My friend and fellow blogger Michelle Golden updated her status on Facebook the other day to say "I think I spotted the CPA group in the lobby"; she was attending a conference somewhere. The first comment on her update went something like "What were they congregated in a corner by themselves?" I naturally objected and said I feel like I'm being typecast again.
I've kept thinking about this. Why do CPAs have this image of being boring, introverted people who can't talk to another human being? Is there something about this profession that attracts boring, introverted people to it?
But I'm not boring or introverted!
I'm thinking though about various CPAs I know, and sadly that describes many of them. They only seem to come alive when they talk about the tax code. You go to a CPE session where you don't know anybody and you sit down at the group lunch and nobody says a thing.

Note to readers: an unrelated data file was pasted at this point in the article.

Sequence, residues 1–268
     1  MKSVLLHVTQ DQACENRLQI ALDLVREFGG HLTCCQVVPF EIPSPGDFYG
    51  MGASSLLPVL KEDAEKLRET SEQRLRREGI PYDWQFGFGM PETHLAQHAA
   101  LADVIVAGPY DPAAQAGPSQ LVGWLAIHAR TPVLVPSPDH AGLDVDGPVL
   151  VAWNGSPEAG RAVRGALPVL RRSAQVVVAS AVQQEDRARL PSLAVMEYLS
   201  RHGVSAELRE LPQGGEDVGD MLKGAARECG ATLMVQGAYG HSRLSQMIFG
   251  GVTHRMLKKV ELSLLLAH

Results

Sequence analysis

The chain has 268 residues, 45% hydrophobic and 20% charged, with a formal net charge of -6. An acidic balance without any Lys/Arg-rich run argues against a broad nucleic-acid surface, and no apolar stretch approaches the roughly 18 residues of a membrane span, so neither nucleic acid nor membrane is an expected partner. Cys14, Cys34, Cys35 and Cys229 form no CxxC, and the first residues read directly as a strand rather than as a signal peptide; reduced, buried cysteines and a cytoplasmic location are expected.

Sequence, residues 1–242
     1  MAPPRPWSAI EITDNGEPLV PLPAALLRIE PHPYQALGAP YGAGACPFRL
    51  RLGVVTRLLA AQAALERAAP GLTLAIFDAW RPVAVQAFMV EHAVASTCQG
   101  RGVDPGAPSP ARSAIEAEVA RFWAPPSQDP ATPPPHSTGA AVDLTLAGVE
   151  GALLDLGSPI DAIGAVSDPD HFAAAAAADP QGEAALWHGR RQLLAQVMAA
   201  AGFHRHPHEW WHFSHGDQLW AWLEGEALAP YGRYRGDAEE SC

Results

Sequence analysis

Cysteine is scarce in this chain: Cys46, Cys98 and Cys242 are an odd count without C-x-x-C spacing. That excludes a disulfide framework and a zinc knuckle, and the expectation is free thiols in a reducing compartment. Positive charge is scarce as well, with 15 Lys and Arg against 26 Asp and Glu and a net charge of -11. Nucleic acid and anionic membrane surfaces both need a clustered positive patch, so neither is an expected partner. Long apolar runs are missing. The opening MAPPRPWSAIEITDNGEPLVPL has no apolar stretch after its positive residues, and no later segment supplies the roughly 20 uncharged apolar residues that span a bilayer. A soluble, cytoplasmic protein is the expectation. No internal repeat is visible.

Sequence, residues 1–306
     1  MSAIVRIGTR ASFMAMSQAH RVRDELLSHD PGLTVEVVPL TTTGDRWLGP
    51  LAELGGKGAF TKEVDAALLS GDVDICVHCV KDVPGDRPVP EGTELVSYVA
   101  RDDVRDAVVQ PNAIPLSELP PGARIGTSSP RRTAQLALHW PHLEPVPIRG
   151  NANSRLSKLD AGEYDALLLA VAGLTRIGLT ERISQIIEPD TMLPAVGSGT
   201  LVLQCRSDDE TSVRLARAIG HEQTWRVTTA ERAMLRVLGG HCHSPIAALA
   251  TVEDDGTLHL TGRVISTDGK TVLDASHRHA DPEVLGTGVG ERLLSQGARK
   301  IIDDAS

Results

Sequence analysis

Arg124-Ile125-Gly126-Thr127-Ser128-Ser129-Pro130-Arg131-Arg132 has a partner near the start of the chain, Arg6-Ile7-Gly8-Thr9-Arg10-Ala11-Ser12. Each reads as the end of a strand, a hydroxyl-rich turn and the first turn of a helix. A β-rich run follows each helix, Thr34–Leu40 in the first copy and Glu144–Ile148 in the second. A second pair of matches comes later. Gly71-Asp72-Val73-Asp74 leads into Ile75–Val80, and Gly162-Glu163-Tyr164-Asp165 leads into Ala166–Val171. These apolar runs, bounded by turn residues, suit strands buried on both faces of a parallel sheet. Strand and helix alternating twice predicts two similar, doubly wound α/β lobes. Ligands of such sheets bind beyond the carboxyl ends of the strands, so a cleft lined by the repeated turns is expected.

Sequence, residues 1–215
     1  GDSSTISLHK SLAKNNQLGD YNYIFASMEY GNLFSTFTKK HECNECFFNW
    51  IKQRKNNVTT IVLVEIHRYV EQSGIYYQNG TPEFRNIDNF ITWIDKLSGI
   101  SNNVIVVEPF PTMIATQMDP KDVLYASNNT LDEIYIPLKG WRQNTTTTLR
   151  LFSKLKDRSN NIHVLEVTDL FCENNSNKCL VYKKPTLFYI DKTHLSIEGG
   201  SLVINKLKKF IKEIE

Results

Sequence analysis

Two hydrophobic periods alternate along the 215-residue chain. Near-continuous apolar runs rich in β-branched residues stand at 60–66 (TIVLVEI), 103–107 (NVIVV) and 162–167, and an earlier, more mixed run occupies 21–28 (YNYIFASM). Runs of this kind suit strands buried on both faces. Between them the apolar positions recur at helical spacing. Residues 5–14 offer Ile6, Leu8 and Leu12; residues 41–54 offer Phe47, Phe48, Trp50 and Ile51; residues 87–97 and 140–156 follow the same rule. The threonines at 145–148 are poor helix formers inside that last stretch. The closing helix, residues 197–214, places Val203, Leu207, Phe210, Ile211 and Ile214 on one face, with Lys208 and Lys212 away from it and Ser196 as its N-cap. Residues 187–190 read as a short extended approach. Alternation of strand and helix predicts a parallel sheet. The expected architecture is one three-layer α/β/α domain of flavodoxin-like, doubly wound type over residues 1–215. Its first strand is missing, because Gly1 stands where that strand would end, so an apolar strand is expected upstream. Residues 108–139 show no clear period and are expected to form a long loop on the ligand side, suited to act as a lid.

I remember someone I worked with at Deloitte in the mid 80s who, while brilliant on the audit side, didn't have much of a personality. I once asked him what he did for fun and he said he played tennis on the weekends, and I just couldn't, and still can't, picture it.
So what is it? And why don't I fit in that mold? Why doesn't the life of the party want to be a CPA? I really enjoy a lot of the work I do. As I do more SEC work I find the issues fascinating and the challenges can be very intellectually stimulating. Why does that attract the introverted?
Personally, I think that not being boring and introvered it is a big part of my success. Nobody hires a CPA anymore because they are a technical guru. That's a given. I get hired because I know my stuff AND because I have a personality. For clients where I spend a lot of time doing field work, I get to know them well; they include us in their pot luck lunches too. I wind up "friending" many of them on Facebook and then they see how warped I really am.
I might wind up in the corner with a group of CPAs, but trust me I'm the loud one in the group.
Joel M. Ungar, CPA is a lifelong resident of the Detroit area and a graduate of The University of Michigan. He is a principal with Silberstein Ungar, PLLC, a Top 15 auditor of SEC public reporting companies. Joel writes observations on different matters and especially on working with and using LinkedIn. He thinks he has a sense of humor.